Specify exactly what you want, budget, and expectations, and someone will respond. Please keep your posts specific and concise and someone will certainly take the time to assemble a list of best possible parts that can be bought at this time for the budget you require.

Forget Ryzen 3000 series or DDR5, they are not out and are unknown entities. If you are not comfortable building under the constraint of future upgrades then what will happen is Ryzen 3000 series comes out, an article appears that Intel 10nm is coming out and is better than Ryzen 3000 series, you then wait for Intel 10nm and then an article says Ryzen 4000 series comes out with DDR5 compatability, then Intel say they will release first Quantum consumer computer with DDR "10Million" RAM... Result, endless loop, no personal ownership....

Comment reply on Forum Topic "2070 Overkill for Ultrawide?"

  • 13 months ago
  • 1 point

2070 nowhere near overkill if you like to dabble with new games. If you want highest in game settings and smooth 60fps plus gameplay, you could easily be in 2080 Ti territory. 2080 at a minimum. 2070 will work fine though, I would not worry. PC games are great in that you can tweak settings.

2070 might be overkill if, like me, you spend majority of time on games that are 5+ years old or retro and would run on Intel HD graphics let alone a decent GPU. Do not need much power to run Icewind Dale for instance which is my current game I am playing....

Comment reply on Forum Topic "Rx 580 vs Gtx 1660."

  • 13 months ago
  • 2 points

Life span is tricky to gauge. There are 10000+ games out there right now that a 1660 will play. Two years from now those games will play the same as they do today. Question becomes how new games will play. With a new generation of consoles due in 2020, developers (whom develop for consoles and then port to PC's) will be able to push the graphics, physics and so on to the next level, no longer burdened by the constraints of the old hardware. It is inevitable that games appearing 2020 and onwards could challenge GPU's far more than they do today. We cannot predict the future. The GTX 1660 is a better card than the 580, but the 580 is quite a good price. Your call, but I would not look at futureproofing regarding purchasing one of these GPU's.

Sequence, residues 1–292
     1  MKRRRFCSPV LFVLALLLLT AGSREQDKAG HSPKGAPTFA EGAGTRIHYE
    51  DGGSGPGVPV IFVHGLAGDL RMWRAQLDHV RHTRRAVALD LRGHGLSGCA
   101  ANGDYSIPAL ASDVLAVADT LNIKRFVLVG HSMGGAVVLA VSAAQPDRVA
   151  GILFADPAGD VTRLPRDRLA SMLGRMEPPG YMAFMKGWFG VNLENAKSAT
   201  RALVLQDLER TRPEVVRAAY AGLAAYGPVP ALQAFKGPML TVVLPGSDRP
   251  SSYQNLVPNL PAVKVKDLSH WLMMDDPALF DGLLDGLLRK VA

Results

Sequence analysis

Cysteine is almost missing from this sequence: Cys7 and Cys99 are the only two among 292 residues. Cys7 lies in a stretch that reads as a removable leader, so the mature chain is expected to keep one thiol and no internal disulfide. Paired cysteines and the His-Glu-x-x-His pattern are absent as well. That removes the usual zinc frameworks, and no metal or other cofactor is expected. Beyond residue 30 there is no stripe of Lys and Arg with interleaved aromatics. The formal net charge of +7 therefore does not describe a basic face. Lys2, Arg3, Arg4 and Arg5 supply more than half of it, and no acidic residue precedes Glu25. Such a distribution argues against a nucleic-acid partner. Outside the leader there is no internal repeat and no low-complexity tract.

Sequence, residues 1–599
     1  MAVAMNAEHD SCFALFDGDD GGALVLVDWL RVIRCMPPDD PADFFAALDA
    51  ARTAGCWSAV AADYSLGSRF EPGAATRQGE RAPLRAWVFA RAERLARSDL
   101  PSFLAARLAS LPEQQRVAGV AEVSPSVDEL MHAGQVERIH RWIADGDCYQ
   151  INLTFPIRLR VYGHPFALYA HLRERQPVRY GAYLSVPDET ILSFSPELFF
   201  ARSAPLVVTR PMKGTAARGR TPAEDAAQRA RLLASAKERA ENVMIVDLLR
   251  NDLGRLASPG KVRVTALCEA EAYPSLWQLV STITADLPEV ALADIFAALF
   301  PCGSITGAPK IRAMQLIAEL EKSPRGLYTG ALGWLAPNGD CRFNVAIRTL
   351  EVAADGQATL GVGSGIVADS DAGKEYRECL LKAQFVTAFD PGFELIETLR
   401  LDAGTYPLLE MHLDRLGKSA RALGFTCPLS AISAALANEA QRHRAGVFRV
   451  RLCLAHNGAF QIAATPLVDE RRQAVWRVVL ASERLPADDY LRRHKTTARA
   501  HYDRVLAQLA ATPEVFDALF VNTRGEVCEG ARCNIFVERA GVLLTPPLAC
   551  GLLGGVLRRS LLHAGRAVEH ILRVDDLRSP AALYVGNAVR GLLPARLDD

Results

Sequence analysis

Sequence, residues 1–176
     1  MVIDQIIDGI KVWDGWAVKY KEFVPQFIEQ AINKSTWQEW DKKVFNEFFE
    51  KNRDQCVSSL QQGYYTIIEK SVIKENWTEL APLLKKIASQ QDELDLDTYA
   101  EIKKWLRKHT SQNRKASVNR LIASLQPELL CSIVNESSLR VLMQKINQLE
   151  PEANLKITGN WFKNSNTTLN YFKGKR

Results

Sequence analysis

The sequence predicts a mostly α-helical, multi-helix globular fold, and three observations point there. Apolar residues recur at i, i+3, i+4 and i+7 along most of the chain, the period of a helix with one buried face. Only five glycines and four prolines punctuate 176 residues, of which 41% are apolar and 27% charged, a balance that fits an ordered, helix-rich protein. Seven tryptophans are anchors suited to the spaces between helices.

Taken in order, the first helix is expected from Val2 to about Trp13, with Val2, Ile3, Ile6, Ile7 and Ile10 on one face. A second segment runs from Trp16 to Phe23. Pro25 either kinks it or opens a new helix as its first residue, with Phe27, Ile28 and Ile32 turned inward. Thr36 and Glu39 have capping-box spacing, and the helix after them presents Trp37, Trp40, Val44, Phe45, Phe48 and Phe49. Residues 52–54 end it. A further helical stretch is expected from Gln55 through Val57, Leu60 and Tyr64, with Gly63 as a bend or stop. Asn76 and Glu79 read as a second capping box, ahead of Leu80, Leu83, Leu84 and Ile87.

Comment reply on Forum Topic "should I downgrade? (seriously)"

  • 13 months ago
  • 1 point

Keep your rig as is. With PS5 and next gen Xbox due for 2020 release, we will see gaming developers no longer developing within the restrictions of current gen technology (which is really weak). Result = complexity of titles is going up considerably, not down or staying same. The 2080TI will get a chance to flex it's muscles on 1440p come 2020. Many of us, by 2021 will be upgrading. Bit like when the 600 series cards released, a good bump up to accommodate the release of PS4/XB1.

Comment reply on Forum Topic "Emulation PC - As powerful as needed, as cheap as possible"

  • 13 months ago
  • 1 point

If you can live without Wii/GC or PS2 emulation, the Raspberry Pi 3 is a cool bit of kit that can emulate PS1 and N64 very well. You can even pick up a case that resembles the console in miniature form. Small, and pretty cheap, under $100 for sure, more like $70 or so all said and done.

Comment reply on Forum Topic "Data Error: Cyclic Redundancy Check"

  • 13 months ago
  • 1 point

In Win 10, in task manager window (cntrl alt del), run a new task type cmd or command prompt (I do not recall which one) in the window, it should set an icon in start menu. Click to open, and the type chkdsk and take from there. Note, it has been a while since I did this, probably the last time was during the days of XP.

If you bought the disc new, then get a refund and replacement. If you have other drives installed and they work, likely this is the faulty one. I guess you could troubleshoot by switching to new Sata Port. chkdsk is just a windows operation that helps clean up bad drive sectors that are corrupted, it cannot fix hardware.

Comment reply on Forum Topic "Best CPU for a 2080Ti?"

  • 14 months ago
  • 2 points

Upvote for you buddy. Unbelievable response, took words right out of my mouth. I have a Kaby Lake i7-7700K which performs very similar to the i7-6700K, I have not run across a scenario in gaming where the i7-7700k did not run handily.

I also have a build featuring an i9-9900K and RTX 2080 Ti. When I switch the GPU out, the i7 plays about the same frame rate as an i9. Easily handles 1440p and 4K without dropping frames. I have no idea on 1080p, but most folks, I suspect, will not purchase an RTX 2080Ti for driving a 1080p monitor.